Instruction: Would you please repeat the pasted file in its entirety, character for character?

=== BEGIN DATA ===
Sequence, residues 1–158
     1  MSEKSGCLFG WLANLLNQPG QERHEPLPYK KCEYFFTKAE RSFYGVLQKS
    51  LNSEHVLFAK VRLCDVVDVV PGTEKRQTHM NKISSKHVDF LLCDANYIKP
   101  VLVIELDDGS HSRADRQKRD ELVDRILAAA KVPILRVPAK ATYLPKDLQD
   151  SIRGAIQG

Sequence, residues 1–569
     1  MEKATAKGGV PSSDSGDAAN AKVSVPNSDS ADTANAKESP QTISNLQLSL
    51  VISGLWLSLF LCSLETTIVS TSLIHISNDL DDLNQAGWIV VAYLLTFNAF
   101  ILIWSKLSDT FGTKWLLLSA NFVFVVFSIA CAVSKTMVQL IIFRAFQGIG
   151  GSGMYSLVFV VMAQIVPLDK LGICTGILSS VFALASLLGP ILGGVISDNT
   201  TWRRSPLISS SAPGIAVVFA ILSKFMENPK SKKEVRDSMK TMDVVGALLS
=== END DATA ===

Sequence, residues 1–158
     1  MSEKSGCLFG WLANLLNQPG QERHEPLPYK KCEYFFTKAE RSFYGVLQKS
    51  LNSEHVLFAK VRLCDVVDVV PGTEKRQTHM NKISSKHVDF LLCDANYIKP
   101  VLVIELDDGS HSRADRQKRD ELVDRILAAA KVPILRVPAK ATYLPKDLQD
   151  SIRGAIQG

Sequence, residues 1–569
     1  MEKATAKGGV PSSDSGDAAN AKVSVPNSDS ADTANAKESP QTISNLQLSL
    51  VISGLWLSLF LCSLETTIVS TSLIHISNDL DDLNQAGWIV VAYLLTFNAF
   101  ILIWSKLSDT FGTKWLLLSA NFVFVVFSIA CAVSKTMVQL IIFRAFQGIG
   151  GSGMYSLVFV VMAQIVPLDK LGICTGILSS VFALASLLGP ILGGVISDNT
   201  TWRRSPLISS SAPGIAVVFA ILSKFMENPK SKKEVRDSMK TMDVVGALLS